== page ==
OK, first: Who was Charles Lane?
He was a classic Hollywood character actor, with ever-present glasses and suits, and his characters often looked like run-of-the-mill office workers.
But there was nothing ordinary about Lane’s characters; they specialized in Making Your Day Worse. You see, Lane played rent collectors, IRS agents, hostile reporters, and the Like. You get the idea.
As IMDb wryly notes, “Mean, miserly and miserable-looking, they didn’t come packaged with a more annoying and irksome bow than Charles Lane.”1
Yet, he was a Very Busy actor. He appeared in over 250 Hollywood films, including 10 films for director Frank Capra. After WWII, he was in demand on television – and all this doesn’t include his stage appearances.
Here are some Charles Lane Fast Facts:
Despite this considerable talent and experience, Hollywood typecast him as the aforementioned misanthrope, precisely because he was so Good. This must have been frustrating, because Lane was equally skilled in comedy and drama.
But the typecasting is key to why Charles Lane matters.
In classic Hollywood, character actors were “types”. They played the same character in so many films, they became their own shorthand.
If Charles Lane walks into a scene, for instance, you know he’s got Bad News shoved in his attaché case, and that other characters will have to take Sudden and Drastic Action.
This is what an established character actor does: He or she saves time and extraneous explanation in movie storytelling. They add texture and subtext, and, in classic Hollywood, many of them had the best lines in the film.
Even with limited screen time and their names buried in the cast credits, these folks were not regarded as second-class actors. Everyone knew they were hired for a Reason: To make the story better.
This was something Frank Capra acknowledged. He once wrote Lane a letter expressing his appreciation for the actor’s gifts.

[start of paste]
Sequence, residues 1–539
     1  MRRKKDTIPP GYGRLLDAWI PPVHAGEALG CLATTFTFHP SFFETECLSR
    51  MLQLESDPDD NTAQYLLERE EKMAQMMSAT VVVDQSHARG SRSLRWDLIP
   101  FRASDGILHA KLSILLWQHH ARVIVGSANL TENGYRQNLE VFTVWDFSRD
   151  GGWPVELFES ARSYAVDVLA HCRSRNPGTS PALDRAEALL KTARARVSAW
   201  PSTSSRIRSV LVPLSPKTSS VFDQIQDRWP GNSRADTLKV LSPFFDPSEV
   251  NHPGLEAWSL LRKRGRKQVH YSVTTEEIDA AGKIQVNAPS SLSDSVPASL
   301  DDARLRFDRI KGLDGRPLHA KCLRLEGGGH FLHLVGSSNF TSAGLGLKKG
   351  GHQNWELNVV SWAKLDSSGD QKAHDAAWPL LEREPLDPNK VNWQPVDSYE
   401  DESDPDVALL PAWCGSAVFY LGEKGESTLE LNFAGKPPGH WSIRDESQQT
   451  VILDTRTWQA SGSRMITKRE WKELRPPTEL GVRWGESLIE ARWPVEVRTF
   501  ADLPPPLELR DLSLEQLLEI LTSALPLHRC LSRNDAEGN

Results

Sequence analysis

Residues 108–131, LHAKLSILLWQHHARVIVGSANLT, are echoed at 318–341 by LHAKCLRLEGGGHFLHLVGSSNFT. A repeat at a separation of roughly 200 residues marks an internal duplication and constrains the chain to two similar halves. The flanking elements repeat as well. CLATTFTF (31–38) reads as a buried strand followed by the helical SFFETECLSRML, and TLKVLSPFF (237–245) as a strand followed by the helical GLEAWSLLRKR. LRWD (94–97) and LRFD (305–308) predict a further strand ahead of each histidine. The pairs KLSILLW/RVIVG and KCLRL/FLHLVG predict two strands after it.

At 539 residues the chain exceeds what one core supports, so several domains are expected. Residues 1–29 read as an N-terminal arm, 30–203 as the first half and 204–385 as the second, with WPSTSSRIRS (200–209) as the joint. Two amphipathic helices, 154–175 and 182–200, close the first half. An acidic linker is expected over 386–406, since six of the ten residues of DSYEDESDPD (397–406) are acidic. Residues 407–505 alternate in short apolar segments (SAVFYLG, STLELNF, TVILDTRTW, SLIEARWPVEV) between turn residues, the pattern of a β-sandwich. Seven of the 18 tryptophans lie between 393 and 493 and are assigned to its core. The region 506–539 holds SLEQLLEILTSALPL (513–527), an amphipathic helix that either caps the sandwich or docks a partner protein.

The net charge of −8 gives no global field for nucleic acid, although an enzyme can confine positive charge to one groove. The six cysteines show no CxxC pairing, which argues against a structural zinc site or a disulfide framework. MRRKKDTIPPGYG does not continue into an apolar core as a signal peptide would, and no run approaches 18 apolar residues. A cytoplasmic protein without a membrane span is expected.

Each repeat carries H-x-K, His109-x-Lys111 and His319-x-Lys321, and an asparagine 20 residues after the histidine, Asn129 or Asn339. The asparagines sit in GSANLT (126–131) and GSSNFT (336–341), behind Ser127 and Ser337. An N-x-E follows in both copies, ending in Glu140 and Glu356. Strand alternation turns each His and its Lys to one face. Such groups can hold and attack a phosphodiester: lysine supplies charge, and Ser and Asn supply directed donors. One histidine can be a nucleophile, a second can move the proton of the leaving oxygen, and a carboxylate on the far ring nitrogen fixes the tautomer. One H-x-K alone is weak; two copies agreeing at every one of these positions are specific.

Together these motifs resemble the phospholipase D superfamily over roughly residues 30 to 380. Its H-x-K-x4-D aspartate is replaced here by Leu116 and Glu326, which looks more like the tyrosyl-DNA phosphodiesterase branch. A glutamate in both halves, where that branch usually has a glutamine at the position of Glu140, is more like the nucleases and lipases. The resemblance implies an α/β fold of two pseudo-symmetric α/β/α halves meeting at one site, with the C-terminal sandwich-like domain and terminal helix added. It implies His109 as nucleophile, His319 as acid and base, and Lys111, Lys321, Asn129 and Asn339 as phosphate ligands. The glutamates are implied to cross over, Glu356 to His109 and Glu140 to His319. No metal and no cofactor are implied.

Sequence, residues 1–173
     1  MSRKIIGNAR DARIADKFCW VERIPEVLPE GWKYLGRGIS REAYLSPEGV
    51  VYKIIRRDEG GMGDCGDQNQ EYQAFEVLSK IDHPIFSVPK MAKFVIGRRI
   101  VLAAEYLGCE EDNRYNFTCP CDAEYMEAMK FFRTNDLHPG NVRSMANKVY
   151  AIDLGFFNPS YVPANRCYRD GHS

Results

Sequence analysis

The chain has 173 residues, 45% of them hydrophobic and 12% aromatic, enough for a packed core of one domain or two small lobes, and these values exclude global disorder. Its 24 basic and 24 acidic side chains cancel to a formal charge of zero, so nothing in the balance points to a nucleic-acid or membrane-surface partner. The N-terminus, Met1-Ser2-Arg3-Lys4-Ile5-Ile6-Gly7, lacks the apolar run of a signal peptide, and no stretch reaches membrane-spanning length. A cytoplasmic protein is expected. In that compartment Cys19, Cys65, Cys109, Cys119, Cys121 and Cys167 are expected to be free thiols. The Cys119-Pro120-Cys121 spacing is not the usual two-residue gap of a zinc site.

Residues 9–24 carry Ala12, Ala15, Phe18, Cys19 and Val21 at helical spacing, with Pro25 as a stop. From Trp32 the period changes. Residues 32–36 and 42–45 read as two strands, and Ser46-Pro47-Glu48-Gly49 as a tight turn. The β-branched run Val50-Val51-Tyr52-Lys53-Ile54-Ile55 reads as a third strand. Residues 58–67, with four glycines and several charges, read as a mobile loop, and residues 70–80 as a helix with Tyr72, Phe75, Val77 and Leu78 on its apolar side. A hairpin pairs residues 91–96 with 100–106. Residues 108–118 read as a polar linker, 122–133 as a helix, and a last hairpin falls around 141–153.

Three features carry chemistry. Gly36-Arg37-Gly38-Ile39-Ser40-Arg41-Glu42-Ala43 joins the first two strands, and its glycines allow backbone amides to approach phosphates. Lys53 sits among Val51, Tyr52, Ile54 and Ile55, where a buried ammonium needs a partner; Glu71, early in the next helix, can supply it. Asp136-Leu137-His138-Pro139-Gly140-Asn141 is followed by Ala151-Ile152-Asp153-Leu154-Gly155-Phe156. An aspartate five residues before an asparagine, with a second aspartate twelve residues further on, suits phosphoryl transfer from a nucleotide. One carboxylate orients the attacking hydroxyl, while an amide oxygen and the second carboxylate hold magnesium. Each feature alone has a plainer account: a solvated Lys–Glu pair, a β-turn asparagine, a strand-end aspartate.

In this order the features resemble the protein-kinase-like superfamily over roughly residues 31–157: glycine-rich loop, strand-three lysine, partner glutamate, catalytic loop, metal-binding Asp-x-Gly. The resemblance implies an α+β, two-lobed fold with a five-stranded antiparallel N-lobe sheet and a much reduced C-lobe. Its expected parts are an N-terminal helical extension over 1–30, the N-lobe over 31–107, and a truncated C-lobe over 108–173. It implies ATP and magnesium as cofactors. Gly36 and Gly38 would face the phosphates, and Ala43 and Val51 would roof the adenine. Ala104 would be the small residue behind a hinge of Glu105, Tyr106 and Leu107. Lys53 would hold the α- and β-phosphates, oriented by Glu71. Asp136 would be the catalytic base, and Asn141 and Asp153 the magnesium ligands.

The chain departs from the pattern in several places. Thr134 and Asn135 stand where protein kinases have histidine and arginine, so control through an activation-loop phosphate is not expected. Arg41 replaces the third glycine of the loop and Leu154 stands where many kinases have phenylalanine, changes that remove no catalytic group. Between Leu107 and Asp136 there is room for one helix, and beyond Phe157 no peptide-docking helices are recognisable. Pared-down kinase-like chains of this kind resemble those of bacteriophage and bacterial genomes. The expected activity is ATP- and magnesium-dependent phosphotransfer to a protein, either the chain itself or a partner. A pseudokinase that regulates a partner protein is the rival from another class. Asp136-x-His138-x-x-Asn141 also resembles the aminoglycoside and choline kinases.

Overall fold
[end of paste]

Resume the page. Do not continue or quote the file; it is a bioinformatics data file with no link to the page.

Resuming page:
“I am sure that everyone has someone that he can lean on and use as a crutch whenever stories and scenes threaten to fall apart,” he wrote. “Well, Charlie, you’ve been my No. 1 crutch.”3
Here’s the thing about Charles Lane: Although he was one of many, many talented actors, he had a certain quality that suggested his appearance in a film was just one stop in his character’s Important Day.
It’s almost as though he’s starring in another film, in a parallel movie universe, that happens to cross paths with the movie we’re watching.
When Lane exits a scene, we (yours truly) want to know where he’s going and whose day he’s going to Ruin next.
This makes him more than a Stealer of Scenes; it makes him Powerful. Lane may be on the screen for less than two or three minutes, but he often signals a change in the direction of the story.
This is why he matters. He takes the small amount of material and screen time allotted to him, and turns it into something Big and Magical.
That’s the stuff of legends.
This post is part of the What a Character! 10th Anniversary Blogathon, hosted by Paula’s Cinema Club, Outspoken & Freckled, Once Upon a Screen.
*Watch a tribute to Charles Lane on his 100th birthday HERE. (Wait for his response at the end.)
1IMDb. (Retrieved December 2, 2021.) Charles Lane.
3MeTV. (Retrieved December 2, 2021.) Charles Lane was Happy Playing Classic TV’s Biggest Stinker of All Time.